Michael Brosowski
May 8, 2018

From Michael’s blog lifeisalongstory.com

I’m a terrible dinner guest.

Invite me to your house, sit with me around a table, and ask me how my day was. I will tell stories that turn you off your meal.

I will talk about the young mother who was tricked into following a trafficker into China, then tortured and raped until she complied with their demand that she “marry” a stranger.

I will tell the story of the 2 boys who were living with Blue Dragon but then enticed away to join a criminal gang, which lends money and sells drugs, and trains the boys to be killers at their beck and call.

I will describe the horrors of child sexual abuse that we see every day, and the damage it does to its victims – girls and boys who look happy and cheerful on the outside, but inside live with shame and guilt and fear.

My dinner conversation leaves much to be desired.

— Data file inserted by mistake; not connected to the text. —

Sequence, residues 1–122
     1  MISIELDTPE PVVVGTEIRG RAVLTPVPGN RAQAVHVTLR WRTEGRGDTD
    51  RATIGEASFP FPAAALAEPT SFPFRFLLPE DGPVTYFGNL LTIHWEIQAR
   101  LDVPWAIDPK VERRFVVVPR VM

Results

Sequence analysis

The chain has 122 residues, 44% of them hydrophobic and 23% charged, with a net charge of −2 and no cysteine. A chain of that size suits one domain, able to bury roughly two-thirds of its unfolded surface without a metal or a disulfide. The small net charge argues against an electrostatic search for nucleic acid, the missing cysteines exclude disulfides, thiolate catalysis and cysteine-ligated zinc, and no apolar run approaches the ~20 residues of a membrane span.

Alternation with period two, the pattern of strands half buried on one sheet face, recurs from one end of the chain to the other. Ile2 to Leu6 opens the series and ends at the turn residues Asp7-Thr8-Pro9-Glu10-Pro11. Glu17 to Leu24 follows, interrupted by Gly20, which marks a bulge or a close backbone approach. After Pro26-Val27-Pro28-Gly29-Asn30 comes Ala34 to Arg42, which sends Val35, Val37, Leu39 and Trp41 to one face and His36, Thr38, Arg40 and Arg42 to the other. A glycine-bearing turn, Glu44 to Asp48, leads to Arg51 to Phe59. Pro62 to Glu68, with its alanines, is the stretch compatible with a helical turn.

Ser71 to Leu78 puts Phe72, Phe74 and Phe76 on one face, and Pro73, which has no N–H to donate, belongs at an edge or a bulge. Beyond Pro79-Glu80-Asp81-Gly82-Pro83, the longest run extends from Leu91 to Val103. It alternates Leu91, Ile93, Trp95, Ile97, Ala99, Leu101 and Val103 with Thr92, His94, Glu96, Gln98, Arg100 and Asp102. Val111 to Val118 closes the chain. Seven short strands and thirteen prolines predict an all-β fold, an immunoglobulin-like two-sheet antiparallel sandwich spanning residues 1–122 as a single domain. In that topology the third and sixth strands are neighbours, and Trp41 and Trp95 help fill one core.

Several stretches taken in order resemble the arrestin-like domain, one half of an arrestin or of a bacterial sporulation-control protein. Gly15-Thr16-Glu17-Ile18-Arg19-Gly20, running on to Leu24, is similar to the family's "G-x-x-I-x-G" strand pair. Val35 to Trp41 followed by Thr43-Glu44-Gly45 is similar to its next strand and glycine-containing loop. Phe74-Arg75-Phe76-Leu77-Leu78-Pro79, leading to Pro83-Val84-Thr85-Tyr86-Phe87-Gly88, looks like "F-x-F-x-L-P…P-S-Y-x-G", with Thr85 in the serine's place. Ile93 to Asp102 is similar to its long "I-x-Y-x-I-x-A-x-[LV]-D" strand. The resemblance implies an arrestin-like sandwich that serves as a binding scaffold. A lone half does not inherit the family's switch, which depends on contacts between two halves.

So the question naturally arises: If my work is so dark, and if the situations Blue Dragon faces daily are so dire, why keep doing it?

It’s a fair question and one I ask myself from time to time, and I have an answer.

Here’s why: Because we might start in darkness, but we finish in daylight. The situations we see are terrible; the children we meet have been homeless, abused, exploited and abandoned, but that’s not the whole story.

Our work is to see people through that crisis, and make it to safety. Even then, we keep going: right now we have 80 young people in college and university, plus countless more in school, training, jobs, shelters, or reunited with their families.

In fact, the contrast between how the children are when we meet them and how they are months later can be so stark that even something as simple as going to school, or taking part in a dance class, can appear as a monumental achievement.

A line in a U2 song says: “Midnight is where the day begins.” There’s no new day without getting past midnight.

It’s easy to get so caught up in the stories of horror and suffering that we forget that there’s also great wonder in the world. So if you do invite me to dinner, and I start talking about the sorrows I have seen that day, give me a nudge and remind me to talk about the joys as well.


Blue Dragon Children’s Foundation rescues kids in crisis.

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